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Adolescent Development and the Biology of Puberty: Summary of a Workshop on New Research Preface On March 23 and 24, 1998, the Forum on Adolescence gathered an interdisciplinary group of researchers and practitioners to review the state of knowledge about adolescent development at a workshop entitled New Research on the Biology of Puberty and Adolescent Development. This workshop focused both on puberty—a set of physical changes rooted in biology that can be timed and measured—and on adolescence—a more general and gradual coming of age that occupies much of the second decade of life and is, as one researcher has written, ''rooted in society" (Crockett and Petersen, 1993:45). Participants represented diverse fields and brought to the workshop knowledge about an exceptionally wide range of research, including the fields of pediatric and adolescent medicine, public health, neuroendocrinology, behavioral genetics, anthropology, psychiatry, psychology, sociology, animal behavior, law, and others. Using this knowledge, participants were asked to address five key questions: What changes have taken place in the knowledge base of adolescent development? What key findings have emerged from recent studies? What are some of the most pressing research challenges? What are the policy implications of this research? Which messages need to be communicated in order to mobilize the public to support the development, health, and well-being of adolescents?

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Adolescent Development and the Biology of Puberty: Summary of a Workshop on New Research Drawing on participants' presentations and discussions, this workshop summary addresses each of these questions. Of necessity, it reflects the particular emphases of the workshop discussions, as well as specific statements made by participants during the workshop. It is important to note that this workshop was an effort intended to take stock of the current knowledge base on adolescent development and highlight key findings from recent research. It was also convened to help inform the future work of a new, cross-cutting initiative of the Institute of Medicine and the National Research Council called the Forum on Adolescence. Given limitations of both time and scope, this workshop could not address a variety of issues that are certainly very important when considering the development, health, and well-being of adolescents. Four particular issues that were only touched on briefly during the workshop are the role of genetics and the interaction between genetic, individual, social, and environmental influences on adolescent development; the role of nutrition and dietary habits; the role of sleep to the healthy development of adolescents; and the role of socioeconomic status, family income, and poverty on adolescent development. The fact that they were not discussed should not suggest that they are not important issues, nor that they are issues undeserving of consideration. It is also important to note that this workshop report summarizes material presented and discussed at the workshop. Although it references published materials suggested or provided by participants, it is not intended to provide a comprehensive or thorough review of the field. It is our hope that this report will help to illuminate important issues in the field of adolescent development that deserve further attention and consideration. We offer our appreciation to all of the presenters and participants for their time and contributions. Special thanks go to the planning group—Huda Akil, Jeanne Brooks-Gunn, Anne Petersen, Anne Pusey, and Elizabeth Susman—who gave freely of their time to set the agenda, select participants, contribute to the meeting, and review the initial draft of the report. A special note of appreciation is due Melvin Grumbach, chair of the planning group, for his thoughtful attention and continual assistance in planning and running the workshop. Thanks are also due to Rima Shore for a distillation of the major themes that emerged from the workshop in her work on this summary report, and to Amy Gawad for her assistance in preparing the document prior to publication. Carnegie Corporation of New York provided support for this activity through its core funding of the Forum on Adolescence.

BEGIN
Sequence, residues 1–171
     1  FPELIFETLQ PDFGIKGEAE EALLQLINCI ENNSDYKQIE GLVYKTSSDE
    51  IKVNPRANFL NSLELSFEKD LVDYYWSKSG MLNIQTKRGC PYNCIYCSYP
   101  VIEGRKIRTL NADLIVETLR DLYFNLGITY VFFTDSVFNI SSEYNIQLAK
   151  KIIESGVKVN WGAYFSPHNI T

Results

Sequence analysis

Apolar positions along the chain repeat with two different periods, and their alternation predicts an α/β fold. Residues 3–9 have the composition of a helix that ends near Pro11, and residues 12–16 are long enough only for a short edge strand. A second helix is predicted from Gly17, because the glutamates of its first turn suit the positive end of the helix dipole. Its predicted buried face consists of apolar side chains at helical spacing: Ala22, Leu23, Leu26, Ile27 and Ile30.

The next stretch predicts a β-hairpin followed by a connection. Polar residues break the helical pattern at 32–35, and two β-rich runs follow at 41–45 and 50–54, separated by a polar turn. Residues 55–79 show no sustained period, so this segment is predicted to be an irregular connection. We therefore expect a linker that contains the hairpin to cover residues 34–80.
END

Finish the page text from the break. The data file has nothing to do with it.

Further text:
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Adolescent Development and the Biology of Puberty: Summary of a Workshop on New Research This report has been reviewed in draft form by individuals chosen for their diverse perspectives and technical expertise, in accordance with procedures approved by the NRC's Report Review Committee. The purpose of this independent review is to provide candid and critical comments that will assist the institution in making the published report as sound as possible and to ensure that the report meets institutional standards for objectivity, evidence, and responsiveness to the study charge. The review comments and draft manuscript remain confidential to protect the integrity of the deliberative process. We wish to thank the following individuals for their participation in the review of this report: Sarah Brown, National Campaign to Prevent Teenage Pregnancy, Washington, DC; Michael I. Cohen, Department of Pediatrics, Albert Einstein College of Medicine; Elizabeth McAnarney, Department of Pediatrics, University of Rochester Medical Center; Elena Nightingale, Scholar-in-Residence, National Research Council; Jack P. Shonkoff, Graduate School for Advanced Studies in Social Welfare, Brandeis University; and Ruby Takanishi, Foundation for Child Development, New York, NY. Although the individuals listed above have provided constructive comments and suggestions, it must be emphasized that responsibility for this final report rests entirely with the authoring committee and the institution. We hope this report will stimulate and encourage researchers, service providers, and policy makers to search for new ways to ensure that all adolescents grow to become healthy, happy, and productive adults. David A. Hamburg, Chair Michele D. Kipke, Director Forum on Adolescence